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Search Advice English Language and Literature: Other resources

Early English Books Online (EEBO)

You can find "all" English books published between 1473 and 1700 with Early English Books Online (EEBO). More information on EEBO is available in their LibGuide.

The "snowball" method

In addition to using search terms in scholarly databases (a search box) you can follow references from one publication to another (a snowball). 

Works Cited

  • Check the works cited in publications you have already found. But be aware:
    • You will only find older publications
    • You will mostly find publications that fit the author's argumentation.

Cited By

  • Check the cited-by references in databases like Google Scholar. You will:
    • Find more recent publications
    • Find publications that discuss (refer to, built on, comment on, refute ) the publication you have already found.

And what about all other library services? Please visit the library website!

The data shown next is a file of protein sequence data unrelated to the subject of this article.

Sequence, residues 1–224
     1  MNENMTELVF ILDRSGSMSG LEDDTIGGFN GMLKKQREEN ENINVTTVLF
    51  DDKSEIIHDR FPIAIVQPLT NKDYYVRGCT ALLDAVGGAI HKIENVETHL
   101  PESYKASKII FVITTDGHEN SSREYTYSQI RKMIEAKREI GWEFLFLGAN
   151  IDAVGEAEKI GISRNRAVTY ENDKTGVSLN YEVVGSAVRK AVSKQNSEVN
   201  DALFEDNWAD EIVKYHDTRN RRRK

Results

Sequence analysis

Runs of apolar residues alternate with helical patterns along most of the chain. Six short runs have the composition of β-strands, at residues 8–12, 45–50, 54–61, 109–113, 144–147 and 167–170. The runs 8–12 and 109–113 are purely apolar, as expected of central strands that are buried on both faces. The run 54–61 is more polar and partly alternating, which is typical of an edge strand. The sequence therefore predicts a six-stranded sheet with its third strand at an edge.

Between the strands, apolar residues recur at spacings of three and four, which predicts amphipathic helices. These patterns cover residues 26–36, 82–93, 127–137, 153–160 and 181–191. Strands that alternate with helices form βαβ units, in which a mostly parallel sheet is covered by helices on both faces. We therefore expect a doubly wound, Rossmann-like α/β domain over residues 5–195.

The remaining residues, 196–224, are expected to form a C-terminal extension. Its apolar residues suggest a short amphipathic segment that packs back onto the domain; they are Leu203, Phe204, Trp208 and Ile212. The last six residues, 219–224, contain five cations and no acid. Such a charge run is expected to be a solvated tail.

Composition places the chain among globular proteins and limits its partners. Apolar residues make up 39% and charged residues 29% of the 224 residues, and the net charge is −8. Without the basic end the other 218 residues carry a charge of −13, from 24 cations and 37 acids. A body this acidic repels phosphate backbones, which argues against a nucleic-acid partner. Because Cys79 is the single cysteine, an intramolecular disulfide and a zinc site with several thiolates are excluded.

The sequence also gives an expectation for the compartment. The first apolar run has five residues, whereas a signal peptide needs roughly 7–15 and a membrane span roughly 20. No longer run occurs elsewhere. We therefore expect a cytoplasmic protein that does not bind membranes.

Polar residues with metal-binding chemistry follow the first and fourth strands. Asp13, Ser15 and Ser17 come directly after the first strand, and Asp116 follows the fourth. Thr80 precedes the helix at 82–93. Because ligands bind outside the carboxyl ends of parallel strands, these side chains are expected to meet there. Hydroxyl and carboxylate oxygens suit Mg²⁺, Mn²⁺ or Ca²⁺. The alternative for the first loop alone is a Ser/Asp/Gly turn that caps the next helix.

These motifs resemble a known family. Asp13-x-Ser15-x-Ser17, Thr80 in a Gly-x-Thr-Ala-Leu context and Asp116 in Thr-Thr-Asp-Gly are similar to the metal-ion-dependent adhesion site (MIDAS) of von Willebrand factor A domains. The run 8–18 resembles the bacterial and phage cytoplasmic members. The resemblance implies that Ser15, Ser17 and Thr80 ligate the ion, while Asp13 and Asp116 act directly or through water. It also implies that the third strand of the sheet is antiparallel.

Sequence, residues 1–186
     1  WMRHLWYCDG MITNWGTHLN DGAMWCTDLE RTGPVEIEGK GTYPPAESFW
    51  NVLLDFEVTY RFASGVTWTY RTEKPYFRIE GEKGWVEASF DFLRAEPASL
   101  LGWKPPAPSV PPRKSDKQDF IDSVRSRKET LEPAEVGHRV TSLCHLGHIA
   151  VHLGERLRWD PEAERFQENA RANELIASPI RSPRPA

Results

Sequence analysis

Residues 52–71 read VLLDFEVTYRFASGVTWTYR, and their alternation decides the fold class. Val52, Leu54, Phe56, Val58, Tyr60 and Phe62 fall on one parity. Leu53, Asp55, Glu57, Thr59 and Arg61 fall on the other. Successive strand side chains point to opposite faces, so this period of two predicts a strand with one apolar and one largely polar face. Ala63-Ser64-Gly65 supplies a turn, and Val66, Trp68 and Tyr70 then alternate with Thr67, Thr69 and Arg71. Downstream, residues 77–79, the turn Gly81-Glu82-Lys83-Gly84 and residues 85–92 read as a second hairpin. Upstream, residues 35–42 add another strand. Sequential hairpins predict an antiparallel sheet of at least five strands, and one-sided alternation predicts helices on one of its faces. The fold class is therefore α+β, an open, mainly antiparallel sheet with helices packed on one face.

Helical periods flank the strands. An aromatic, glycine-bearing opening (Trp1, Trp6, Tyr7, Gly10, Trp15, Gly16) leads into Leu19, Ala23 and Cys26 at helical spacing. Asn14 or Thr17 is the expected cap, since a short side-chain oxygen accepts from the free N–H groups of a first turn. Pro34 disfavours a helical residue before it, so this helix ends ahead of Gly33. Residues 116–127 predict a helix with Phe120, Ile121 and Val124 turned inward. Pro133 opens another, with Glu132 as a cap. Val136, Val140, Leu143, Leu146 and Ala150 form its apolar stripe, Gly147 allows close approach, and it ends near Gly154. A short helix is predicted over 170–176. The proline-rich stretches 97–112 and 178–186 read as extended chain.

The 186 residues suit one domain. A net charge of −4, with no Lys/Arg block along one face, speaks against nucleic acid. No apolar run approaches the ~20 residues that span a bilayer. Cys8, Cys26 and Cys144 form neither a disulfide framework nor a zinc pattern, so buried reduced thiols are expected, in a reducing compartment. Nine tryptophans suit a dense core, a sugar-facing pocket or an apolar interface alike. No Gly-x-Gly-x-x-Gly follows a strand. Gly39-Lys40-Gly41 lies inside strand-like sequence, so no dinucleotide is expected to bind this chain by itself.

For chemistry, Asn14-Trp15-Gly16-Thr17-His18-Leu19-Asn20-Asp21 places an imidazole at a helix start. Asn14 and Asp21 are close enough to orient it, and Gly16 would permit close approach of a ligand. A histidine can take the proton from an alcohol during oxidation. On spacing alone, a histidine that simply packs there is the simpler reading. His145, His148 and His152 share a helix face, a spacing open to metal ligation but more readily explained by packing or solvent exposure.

These LibGuides primarily focus on how to search and handle scholarly information. For all information on day-to-day library services please visit the our pages with practical information and library locations.

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What about the Internet?

Several guides have tried to map the English language and literature on the Internet. Due to the Internet's mutability, these guides have since become obsolete. You will have to search for information on the Internet yourself and critically evaluate the websites you find!

See the related LibGuide 'Evaluating Sources' below for further advice.

Evaluating websites

If you also want to use information from websites other than regular scholarly articles and books you should be extra careful and think about the role you give that information in your argument or analysis.

Ask yourself the following questions when reading webpages and be extra careful if the answer is negative most of the times.

  1. Is the name of the author/maker available (and do you know more about the author or organisation)?
  2. Can you find an e-mail address of the author/maker?
  3. Is the webpage free of (lots of) advertisements?
  4. Is the use of language careful, not childish, correct?
  5. Is it clear how the information on the page came about?
  6. Are sources mentioned (so no phrases like "research shows that") without any quotation of sources?
  7. Are claims well-founded (so no phrases like "as is common knowledge")?
  8. Is it a balanced piece or does all information point in the same direction?
  9. Is the author open about matters still unknown or uncertain?
  10. Can you find when the page was written or updated?
  11. Is the page unbiased or in any case without strongly political or commercial aims?